Thinking coastal thoughts
The reality of my focusing exclusively on coastal wines in my job as one of two California reviewers for Wine Enthusiast is sinking in. It’s a huge change, after 17+ years of being the sole California taster. I’m sure it will be a while before I get used to it, and all the implications are clear in my mind.
I liked being responsible for the entire state, but it was obviously a big job that got bigger as Wine Enthusiast became more popular and more people wanted me to taste their wines. So great was the deluge of incoming samples that, over the past few years, I came to regard myself almost as a victim of my/WE’s success. I took a vow, years ago, to taste each and every bottle that came in. That was because it seemed like the ethical, professional thing to do. I figured, people aren’t sending me wine for their health, or as a gift; no, they’re sending me wine to review, and so it’s my obligation to review it. That’s exactly what I’ve done. There’s never been a single bottle of California wine sent to me that I didn’t review. I’m not sure that any other critic can say that.
There was a downside to that. It limited my ability to travel. For every day that I’m on the road, more and more wine comes piling in. If I’m gone for 4 days, when I return, frequently my wine storage space at The UPS Store is crammed to the ceiling with boxes. I’ve been known to screech when, upon returning from a trip, I slowly open the closet door and peek inside.
One negative result of tasting all that wine, from every region in California, was that it was nearly impossible for me to keep up with the small, new boutique producers that are always popping up. From Calaveras County on over to the Anderson Valley, down through Napa Valley and over in Lake County; from the Santa Lucia Highlands through Paso Robles and throughout Santa Barbara County, there are young new winemakers, trying new things, getting their hands on grapes or growing them, tinkering, doing interesting stuff. These people typically don’t send their wines for review to anyone. Even I, in my position, have trouble hearing about them. It’s those fresh, new faces that I most missed during the years when I was buried in wine. It was a constant hassle. I had some pressure from the magazine to find the new faces, yet the quantity of incoming samples worked actively against that goal. I tried to balance those mutually-exclusive priorities, but in the end, it proved impossible.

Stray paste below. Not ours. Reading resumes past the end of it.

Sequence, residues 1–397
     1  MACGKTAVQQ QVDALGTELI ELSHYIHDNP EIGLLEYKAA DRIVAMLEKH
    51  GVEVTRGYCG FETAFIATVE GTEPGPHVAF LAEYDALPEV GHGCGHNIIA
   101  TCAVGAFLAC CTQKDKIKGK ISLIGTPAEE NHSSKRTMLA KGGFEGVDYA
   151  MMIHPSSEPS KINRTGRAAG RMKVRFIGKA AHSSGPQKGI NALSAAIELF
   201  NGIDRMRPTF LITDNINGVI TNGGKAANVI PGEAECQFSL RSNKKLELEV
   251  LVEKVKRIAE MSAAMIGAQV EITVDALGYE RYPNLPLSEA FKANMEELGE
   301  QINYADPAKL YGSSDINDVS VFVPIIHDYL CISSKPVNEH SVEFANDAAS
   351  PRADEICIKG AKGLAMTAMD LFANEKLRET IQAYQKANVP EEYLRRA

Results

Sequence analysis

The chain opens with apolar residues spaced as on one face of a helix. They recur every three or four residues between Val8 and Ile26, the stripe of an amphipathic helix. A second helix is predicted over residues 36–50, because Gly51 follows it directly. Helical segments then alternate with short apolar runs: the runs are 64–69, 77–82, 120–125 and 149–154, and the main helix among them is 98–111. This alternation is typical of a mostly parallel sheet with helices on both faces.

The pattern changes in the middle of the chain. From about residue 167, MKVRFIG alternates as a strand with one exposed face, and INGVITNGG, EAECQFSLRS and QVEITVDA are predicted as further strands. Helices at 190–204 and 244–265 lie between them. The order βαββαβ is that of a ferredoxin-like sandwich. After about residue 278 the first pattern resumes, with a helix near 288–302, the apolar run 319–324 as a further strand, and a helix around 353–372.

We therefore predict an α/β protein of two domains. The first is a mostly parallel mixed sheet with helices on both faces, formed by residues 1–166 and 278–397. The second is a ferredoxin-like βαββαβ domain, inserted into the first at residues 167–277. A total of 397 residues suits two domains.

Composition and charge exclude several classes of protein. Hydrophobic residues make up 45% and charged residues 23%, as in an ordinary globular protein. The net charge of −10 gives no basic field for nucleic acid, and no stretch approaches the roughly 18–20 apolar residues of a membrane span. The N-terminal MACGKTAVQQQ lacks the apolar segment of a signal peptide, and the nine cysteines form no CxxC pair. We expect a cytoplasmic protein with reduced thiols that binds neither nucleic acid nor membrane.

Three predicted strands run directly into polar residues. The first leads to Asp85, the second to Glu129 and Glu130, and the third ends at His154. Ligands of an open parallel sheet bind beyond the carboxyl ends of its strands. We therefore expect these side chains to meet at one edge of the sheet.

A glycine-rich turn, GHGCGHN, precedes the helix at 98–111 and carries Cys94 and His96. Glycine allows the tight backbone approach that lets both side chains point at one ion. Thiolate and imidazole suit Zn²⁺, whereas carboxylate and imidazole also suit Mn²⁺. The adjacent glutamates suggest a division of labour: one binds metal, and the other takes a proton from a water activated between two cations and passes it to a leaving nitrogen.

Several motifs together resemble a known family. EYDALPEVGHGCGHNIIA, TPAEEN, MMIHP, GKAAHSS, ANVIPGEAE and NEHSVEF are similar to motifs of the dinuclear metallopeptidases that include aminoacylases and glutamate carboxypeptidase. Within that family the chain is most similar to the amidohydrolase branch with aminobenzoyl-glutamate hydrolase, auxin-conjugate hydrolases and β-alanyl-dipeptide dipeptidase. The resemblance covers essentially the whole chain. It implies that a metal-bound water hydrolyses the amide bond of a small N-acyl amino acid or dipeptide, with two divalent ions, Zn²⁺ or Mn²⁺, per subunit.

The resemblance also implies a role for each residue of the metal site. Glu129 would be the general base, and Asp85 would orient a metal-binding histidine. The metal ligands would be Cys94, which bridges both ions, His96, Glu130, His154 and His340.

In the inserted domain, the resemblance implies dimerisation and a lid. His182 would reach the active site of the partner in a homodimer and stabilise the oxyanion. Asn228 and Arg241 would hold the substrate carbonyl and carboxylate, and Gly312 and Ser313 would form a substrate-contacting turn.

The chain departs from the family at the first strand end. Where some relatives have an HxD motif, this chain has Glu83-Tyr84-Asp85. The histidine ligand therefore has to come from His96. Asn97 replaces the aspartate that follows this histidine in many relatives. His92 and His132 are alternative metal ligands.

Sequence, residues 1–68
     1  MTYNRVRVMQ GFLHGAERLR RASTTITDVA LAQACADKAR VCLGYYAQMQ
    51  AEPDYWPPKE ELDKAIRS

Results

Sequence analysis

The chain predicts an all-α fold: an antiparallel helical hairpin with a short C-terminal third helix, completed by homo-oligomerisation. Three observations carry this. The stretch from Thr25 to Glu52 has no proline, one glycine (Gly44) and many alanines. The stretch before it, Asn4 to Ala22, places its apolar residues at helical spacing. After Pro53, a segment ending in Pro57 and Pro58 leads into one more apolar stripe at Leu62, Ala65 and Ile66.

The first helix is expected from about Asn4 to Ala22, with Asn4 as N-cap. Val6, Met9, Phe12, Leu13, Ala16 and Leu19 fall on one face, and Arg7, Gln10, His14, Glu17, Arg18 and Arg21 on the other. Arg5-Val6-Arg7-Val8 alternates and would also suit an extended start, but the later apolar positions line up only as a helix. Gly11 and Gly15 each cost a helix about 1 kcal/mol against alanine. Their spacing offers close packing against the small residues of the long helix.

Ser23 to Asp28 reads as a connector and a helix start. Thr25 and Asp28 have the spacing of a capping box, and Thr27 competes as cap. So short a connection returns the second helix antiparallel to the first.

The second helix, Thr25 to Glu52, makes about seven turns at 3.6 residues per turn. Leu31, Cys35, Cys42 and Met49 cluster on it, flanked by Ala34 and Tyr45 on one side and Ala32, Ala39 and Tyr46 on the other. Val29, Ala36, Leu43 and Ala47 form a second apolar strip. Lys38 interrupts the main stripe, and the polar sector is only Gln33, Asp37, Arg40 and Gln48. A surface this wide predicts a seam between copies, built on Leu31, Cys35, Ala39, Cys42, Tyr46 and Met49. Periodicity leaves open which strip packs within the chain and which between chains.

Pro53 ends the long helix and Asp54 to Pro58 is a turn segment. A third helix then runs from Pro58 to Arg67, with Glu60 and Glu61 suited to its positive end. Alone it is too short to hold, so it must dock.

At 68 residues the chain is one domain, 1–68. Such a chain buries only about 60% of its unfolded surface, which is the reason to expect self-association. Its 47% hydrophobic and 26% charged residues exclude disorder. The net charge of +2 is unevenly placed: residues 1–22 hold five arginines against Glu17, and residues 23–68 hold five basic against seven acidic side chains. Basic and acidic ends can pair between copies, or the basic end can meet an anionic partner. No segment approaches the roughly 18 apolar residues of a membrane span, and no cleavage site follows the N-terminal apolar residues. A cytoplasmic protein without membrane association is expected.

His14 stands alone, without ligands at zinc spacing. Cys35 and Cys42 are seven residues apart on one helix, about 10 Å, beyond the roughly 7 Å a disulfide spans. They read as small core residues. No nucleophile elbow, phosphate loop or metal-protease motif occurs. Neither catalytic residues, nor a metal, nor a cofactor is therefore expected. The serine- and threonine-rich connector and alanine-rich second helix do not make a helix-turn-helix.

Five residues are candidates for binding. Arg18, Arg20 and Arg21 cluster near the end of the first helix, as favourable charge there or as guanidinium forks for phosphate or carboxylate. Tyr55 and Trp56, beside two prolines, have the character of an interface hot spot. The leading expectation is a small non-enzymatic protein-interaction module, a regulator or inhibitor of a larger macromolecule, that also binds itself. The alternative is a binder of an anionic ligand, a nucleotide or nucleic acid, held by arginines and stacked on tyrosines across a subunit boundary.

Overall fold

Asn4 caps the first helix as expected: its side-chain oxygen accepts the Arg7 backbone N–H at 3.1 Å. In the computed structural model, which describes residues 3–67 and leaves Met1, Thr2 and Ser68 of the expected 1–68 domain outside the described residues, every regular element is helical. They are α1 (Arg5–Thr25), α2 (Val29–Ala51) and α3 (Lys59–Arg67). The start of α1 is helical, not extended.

That’s why I’m so jazzed with our new dual-tasting system. To be able to travel more, to sink into the deepest levels of the finest coastal regions has been my thwarted dream. And I know that the winemakers out there, whom I’ve yet to meet, will welcome me into their midst. When I had lunch with Rob Mondavi the other week, I mentioned to him that, with my new freedom, I’d like to connect with the garagistes up in Napa, but I wasn’t sure how to even identify them. These guys travel under the radar, and you have to know somebody who knows somebody to get through to them. Rob was extraordinarily kind in replying that he’d be delighted to invite me up to his place for an afternoon meet-and-greet with some of his friends who are doing interesting things, and he made me happy when he added that he thought they’d be thrilled to meet me.
I’m going to miss inland. Not all of it. I’ve had my problems with certain regions, and it may be true that — as Virginie Boone said here yesterday — these appellations will benefit from her fresh palate. There are some extraordinary winemakers in Lake County, Calaveras County and Lodi, and I’m sure that Virginie will be reporting on them well and faithfully.
But as much as I’ll miss inland, it’s a good tradeoff, from my point of view, to be able to focus like a laser on the coast. With its cooler climate, the coast always has produced better wines than inland, and is likely to do so into the future. There’s more money on the coast, too, which enables owners to invest in their vineyards and winery equipment — two sine qua nons for the production of fine wine. I’m encouraging small producers, with whom I haven’t yet worked, to reach out to me, and I will to you, too. You’ll be seeing more of me as I travel our coastal valleys, looking for the best wines California has to offer.